Wrestlemaniac lays down the law

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By Andrea Nene 

He’s doesn’t look like your average wrestling fan. 

He’s not wearing a wife-beater shirt, he doesn’t have hockey hair, and his eyes aren’t crossed.  Instead, Jason Agney, a fourth-year RTA student, is wearing a leopard-print shirt and black, patent leather rockabilly shoes.

The 22-year-old technical director and audio engineer for Live Audio Wrestling on Talk 640 has been a sports entertainment fan since his childhood, when Hulk-a-mania flourished and Super Saturday cartoon characters included Andre the Giant, the Junkyard Dog and Captain Lou Albano.  His love for wrestling remained constant, even though the sports entertainment industry changed.

That’s why he listened to the LAW on the FAN 590 last year — to get all the dirt on the big three: the World Wrestling Foundation, World Championship Wrestling and Extreme Championship Wrestling.  The show’s in-depth interviews, wrestling news and behind-the-scenes dirt impressed Agnew so much, he wanted to work there so he sent an e-mail to LAW co-host Jeff Marek.  Agnew wanted to work on the LAW.

Last fall, he became the show’s “man behind the glass” — the technical producer.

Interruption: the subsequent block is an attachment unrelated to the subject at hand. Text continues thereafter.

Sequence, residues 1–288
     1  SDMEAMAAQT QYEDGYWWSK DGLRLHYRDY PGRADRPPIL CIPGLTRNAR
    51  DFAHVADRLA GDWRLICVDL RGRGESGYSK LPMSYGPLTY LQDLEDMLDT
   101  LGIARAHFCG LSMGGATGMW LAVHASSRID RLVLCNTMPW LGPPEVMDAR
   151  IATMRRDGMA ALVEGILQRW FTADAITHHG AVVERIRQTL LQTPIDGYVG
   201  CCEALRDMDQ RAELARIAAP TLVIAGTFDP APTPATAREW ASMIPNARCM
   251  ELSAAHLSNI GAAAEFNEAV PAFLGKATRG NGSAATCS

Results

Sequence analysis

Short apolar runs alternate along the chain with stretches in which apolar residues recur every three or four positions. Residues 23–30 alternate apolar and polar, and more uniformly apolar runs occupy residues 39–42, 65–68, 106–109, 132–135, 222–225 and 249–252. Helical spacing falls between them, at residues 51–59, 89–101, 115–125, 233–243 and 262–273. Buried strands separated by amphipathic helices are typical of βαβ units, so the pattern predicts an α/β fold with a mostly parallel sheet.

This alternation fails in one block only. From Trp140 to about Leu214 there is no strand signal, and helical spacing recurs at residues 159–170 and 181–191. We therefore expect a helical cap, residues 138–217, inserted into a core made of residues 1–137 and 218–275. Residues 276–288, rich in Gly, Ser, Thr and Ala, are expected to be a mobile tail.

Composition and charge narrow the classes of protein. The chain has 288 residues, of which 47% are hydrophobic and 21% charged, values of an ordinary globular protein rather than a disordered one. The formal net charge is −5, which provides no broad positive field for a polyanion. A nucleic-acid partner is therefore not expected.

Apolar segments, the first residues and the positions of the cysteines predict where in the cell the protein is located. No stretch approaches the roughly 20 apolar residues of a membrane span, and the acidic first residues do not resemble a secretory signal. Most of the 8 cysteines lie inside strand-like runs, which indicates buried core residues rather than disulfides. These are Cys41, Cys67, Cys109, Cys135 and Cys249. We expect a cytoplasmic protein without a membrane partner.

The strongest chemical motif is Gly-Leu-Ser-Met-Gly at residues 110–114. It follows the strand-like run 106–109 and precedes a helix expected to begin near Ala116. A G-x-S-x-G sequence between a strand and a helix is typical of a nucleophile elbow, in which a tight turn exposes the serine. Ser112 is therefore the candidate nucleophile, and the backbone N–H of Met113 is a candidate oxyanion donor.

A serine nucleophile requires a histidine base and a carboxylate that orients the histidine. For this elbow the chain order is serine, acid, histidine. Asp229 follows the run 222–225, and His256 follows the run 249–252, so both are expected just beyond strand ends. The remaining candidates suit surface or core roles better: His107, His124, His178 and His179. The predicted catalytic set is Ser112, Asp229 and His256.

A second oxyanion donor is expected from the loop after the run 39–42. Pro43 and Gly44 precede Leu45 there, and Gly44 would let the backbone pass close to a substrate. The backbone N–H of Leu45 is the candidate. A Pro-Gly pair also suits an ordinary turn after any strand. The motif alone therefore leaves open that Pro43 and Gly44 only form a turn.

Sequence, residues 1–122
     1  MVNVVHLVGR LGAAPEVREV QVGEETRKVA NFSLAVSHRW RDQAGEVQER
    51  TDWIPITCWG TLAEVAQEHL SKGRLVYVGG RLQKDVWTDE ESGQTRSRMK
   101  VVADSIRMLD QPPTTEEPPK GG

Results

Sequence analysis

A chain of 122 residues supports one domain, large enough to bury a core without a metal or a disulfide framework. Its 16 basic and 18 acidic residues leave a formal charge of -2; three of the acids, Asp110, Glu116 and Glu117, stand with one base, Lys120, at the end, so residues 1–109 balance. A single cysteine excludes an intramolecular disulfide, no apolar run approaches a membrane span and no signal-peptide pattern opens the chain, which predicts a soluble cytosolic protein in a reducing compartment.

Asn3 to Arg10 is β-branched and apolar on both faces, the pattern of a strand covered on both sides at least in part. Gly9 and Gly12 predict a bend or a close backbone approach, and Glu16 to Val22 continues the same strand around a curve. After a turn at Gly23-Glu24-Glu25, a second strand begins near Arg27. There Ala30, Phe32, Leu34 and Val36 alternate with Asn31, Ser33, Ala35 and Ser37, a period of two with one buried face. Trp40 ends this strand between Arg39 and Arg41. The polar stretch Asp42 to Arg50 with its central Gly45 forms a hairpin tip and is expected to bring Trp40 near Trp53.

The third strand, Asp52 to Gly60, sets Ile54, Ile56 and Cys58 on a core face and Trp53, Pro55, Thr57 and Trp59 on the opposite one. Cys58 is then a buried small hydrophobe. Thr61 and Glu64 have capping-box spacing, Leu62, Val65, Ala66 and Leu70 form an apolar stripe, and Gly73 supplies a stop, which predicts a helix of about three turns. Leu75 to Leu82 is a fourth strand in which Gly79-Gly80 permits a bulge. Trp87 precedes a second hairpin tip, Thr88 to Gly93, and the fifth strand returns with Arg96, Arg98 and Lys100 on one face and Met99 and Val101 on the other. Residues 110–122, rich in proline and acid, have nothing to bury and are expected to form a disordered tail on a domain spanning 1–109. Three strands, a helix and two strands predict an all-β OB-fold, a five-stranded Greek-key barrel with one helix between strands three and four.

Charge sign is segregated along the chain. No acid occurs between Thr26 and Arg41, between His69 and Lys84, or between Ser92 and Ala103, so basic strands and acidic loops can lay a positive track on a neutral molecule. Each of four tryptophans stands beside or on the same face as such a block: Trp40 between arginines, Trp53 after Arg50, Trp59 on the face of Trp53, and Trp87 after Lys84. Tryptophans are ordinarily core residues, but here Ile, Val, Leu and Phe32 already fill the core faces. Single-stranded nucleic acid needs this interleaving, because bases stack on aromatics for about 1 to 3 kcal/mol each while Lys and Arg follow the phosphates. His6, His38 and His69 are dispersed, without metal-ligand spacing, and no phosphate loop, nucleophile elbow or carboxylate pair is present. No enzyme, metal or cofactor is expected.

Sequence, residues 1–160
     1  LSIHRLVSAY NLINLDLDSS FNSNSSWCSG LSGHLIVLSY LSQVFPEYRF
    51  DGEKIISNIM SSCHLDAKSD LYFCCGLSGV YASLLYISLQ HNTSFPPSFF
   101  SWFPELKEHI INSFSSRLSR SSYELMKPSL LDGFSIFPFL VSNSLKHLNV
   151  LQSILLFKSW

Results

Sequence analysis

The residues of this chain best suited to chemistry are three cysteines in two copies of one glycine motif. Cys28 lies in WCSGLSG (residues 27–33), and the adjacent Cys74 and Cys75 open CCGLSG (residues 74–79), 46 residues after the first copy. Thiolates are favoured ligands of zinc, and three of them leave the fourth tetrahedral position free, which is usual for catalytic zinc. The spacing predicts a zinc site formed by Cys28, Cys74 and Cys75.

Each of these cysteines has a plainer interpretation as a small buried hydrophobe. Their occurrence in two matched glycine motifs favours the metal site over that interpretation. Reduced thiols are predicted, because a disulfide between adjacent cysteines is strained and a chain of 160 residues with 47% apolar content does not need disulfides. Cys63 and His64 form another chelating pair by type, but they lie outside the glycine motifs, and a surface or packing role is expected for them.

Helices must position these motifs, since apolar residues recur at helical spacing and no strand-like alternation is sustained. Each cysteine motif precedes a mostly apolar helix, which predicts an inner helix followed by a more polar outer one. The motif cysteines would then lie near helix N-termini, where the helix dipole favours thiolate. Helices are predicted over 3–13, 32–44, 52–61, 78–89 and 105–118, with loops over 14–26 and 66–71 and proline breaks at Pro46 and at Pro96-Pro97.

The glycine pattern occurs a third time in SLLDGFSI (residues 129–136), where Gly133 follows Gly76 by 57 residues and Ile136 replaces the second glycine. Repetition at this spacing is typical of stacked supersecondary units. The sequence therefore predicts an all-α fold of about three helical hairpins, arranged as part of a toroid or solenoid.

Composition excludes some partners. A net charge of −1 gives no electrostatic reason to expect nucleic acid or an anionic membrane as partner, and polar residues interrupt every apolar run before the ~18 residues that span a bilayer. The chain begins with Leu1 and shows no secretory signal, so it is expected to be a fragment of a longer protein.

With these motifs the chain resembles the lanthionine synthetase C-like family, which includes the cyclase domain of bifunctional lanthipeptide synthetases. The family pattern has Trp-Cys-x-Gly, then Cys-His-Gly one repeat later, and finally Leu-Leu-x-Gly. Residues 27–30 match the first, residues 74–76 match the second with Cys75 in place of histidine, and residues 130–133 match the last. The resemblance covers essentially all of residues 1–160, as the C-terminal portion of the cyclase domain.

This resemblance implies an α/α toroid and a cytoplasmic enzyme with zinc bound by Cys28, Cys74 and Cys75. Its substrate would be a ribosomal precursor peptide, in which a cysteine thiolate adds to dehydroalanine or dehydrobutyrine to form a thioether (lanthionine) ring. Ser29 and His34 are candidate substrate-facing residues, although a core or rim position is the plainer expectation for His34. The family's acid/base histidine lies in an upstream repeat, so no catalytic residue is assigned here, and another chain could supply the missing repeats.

“We try to give the fans something they can’t see on television,” Agnew says of the live-to-air, 30-minute show.  “We don’t interview the Rock — we interview Dwayne Johnson, the guy who plays the Rock.”

In these interviews, most wrestlers break from their TV personas to talk about where they grew up, where they trained and how they got into the business.

“Everyone we’ve interviewed is pretty down to dearth,” Agnew says.

But not “Macho Man” Randy Savage, Agney adds.  He will only do interviews in character.

The shows have changed since Savage left the WWF to wrestle for the less popular WCW (also known as wheelchair wrestling).  The average wrestling show delves into soap opera-style storylines where men and women battle for the championship belt in matches involving ladders, tables and chairs.

In the 1980s, it was rare for women to be involved in the matches as anything other than a valet or a manager.

Now, women such as Chyna (billed as the ninth wonder of the world) and Lita wrestle alongside their male counterparts.

One current WWF beauty actually got her start at Live Audio Wrestling.

“Although they won’t admit it,” Agnew says, “the WWF found Trish Status on our show first.”

Status, who was a York University student, started hosting the show at the same time Agnew became technical producer.

“Trish was on for three or four months last year and — as you can see — one of us has become extremely successful,” says Agnew.

“She doesn’t know what she’s missing.”

The LAW can be heard before hockey games on Saturdays at 5 p.m. and Sundays at 11 p.m. on Talk 640 or on the Web at www.liveaudiowrestling.com

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